By New Times
By Connor Radnovich
By Robrt L. Pela and Amy Silverman
By Ray Stern
By Keegan Hamilton
By Matthew Hendley
By Monica Alonzo
By Monica Alonzo
Many of the 13,000 investors left penniless in the contrail of the Baptist Foundation of Arizona's $640 million bankruptcy have long blamed Arthur Andersen LLP, a major multinational accounting firm with offices in Phoenix, for their troubles.
If the accounting firm had told the truth and had not given BFA falsely favorable audits, the investors claim in court documents, the foundation's mushrooming Ponzi scheme would not have gone undetected for 10 years.
Arthur Andersen accountants linked to the BFA fiasco are seasoned professionals: Jay Ozer, the former accountant for Charles Keating's failed American Continental Corporation; Jack Henry, retiring managing partner; and Ann McGrath, an auditing manager who was allegedly given a detailed road map to the fraud back in 1997.
BELOW: Jack Henry, Arthur Andersen's managing partner, opted for an early retirement.
Arthur Andersen, which audited BFA for 14 years during the heyday of the Ponzi scheme, is the target of an ongoing investigation by the Arizona Board of Accountancy in connection with its BFA audits.
The State of Arizona requires its Certified Public Accountants to follow rules set by the American Institute of Certified Public Accountants. Among other things, Arizona's CPAs are required to take extra steps to ensure that financial statements are not fraudulent. The national standards even name "risk factors for fraud" that were blatant in BFA's financial statements -- complicated insider deals designed to falsely bolster the bottom line, a clueless board of directors, a labyrinthine organizational structure with dozens and dozens of companies. CPAs who run into such risk factors are required to conduct an independent investigation. State law says that if an auditor finds illegalities, he must demand changes of the board, and if the board doesn't cooperate, the auditor must resign and notify regulatory authorities.
According to the investors, Arthur Andersen did not take necessary steps to protect them.
Arthur Andersen maintains it has done nothing wrong.
"Arthur Andersen did not participate in the marketing of any BFA securities and lacked full knowledge of the information that was being given to investors by BFA management," the firm wrote in a February 25 letter to New Times.
Investors do not agree. They say they were scammed by Andersen in concert with BFA, and they want the accounting firm, with 1999 revenues of $7 billion, to pay a huge chunk of the $590 million they lost in the BFA scam.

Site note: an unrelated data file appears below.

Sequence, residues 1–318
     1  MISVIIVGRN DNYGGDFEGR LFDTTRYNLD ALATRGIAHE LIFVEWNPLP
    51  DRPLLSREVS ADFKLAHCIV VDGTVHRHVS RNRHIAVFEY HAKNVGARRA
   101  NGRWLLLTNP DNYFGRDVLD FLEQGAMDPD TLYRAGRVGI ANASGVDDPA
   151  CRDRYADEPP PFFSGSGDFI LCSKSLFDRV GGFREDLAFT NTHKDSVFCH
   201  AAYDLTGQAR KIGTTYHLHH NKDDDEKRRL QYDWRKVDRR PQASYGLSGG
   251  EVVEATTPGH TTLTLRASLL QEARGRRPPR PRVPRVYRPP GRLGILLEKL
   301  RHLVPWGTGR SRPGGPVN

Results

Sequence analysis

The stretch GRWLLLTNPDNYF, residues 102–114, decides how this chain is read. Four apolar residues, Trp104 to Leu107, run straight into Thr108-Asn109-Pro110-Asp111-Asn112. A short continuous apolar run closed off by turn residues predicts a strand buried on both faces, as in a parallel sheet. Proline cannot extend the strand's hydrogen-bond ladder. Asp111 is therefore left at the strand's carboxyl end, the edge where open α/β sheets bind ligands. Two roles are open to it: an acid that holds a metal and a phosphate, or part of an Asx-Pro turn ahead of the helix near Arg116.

Two weeks ago, investors added Arthur Andersen to a fraud and racketeering class-action lawsuit filed in late 1999 against former BFA officers and three insiders -- Harold Friend, Dwain Hoover and Jalma Hunsinger -- who profited from BFA's bogus insider real estate and stock deals. Besides enriching insiders, the transactions had another effect: they made BFA look profitable on reports sent to investors, when in fact the Southern Baptist charitable foundation was hopelessly mired in debt.
Among other things, investors say in court that Arthur Andersen failed to protect them, even after receiving detailed tips about BFA's financial fraud reported to the firm by a former staff accountant for BFA.
What's more, New Times has learned, the accountant assigned to audit BFA, Jay Ozer, was on the team Arthur Andersen used to audit Charles Keating's failed American Continental Corporation.
Like BFA, American Continental, which folded in the late 1980s, defaulted on junk bonds sold to elderly investors, engaged in convoluted insider real estate and stock deals and allegedly cooked its books to disguise debt from investors.
Ozer, a partner in Arthur Andersen's Phoenix branch since 1985, was involved in two controversial audits in 1984 and 1985 of American Continental Corporation, which was the parent company of Keating's failed Lincoln Savings and Loan. American Continental investors later claimed in court that Andersen's rosy audits helped Keating promote an illusion of prosperity that lured investors into buying junk bonds. Arthur Andersen declined to continue auditing American Continental in 1986, but never warned unsuspecting investors of American Continental's financial malaise.
Without admitting wrongdoing, Arthur Andersen, in the early 1990s, paid more than $24 million to American Continental investors and various regulatory agencies -- including the Arizona Board of Accountancy -- in connection with American Continental failure. (Keating served more than four years in prison on state and federal fraud convictions, but was released when his convictions were overturned on a technicality. He then pleaded guilty to four separate counts of fraud, but did not serve more prison time.)
Andy Friedman, a Phoenix attorney who recovered money for American Continental bondholders, is also on the legal team representing BFA investors.
BFA investors claim in court that Arthur Andersen's involvement in the American Continental debacle is particularly relevant because, among other things, the failed audits conducted by its Phoenix office "recklessly disregarded the same type of sham, non-arms length real estate transactions and accounting manipulations that were perpetrated by BFA."
Arthur Andersen would not comment on its assignment of Ozer.
Investors say in court that Arthur Andersen failed to protect them even in the face of damning, detailed warnings of fraud within BFA. According to the lawsuit, Karen Paetz, a CPA who had recently resigned from BFA, tried to warn Arthur Andersen of BFA's many fraudulent deals. Paetz met for lunch with Ann McGrath, Arthur Andersen's audit manager, in February 1997. McGrath had been employed by Arthur Andersen for 13 years.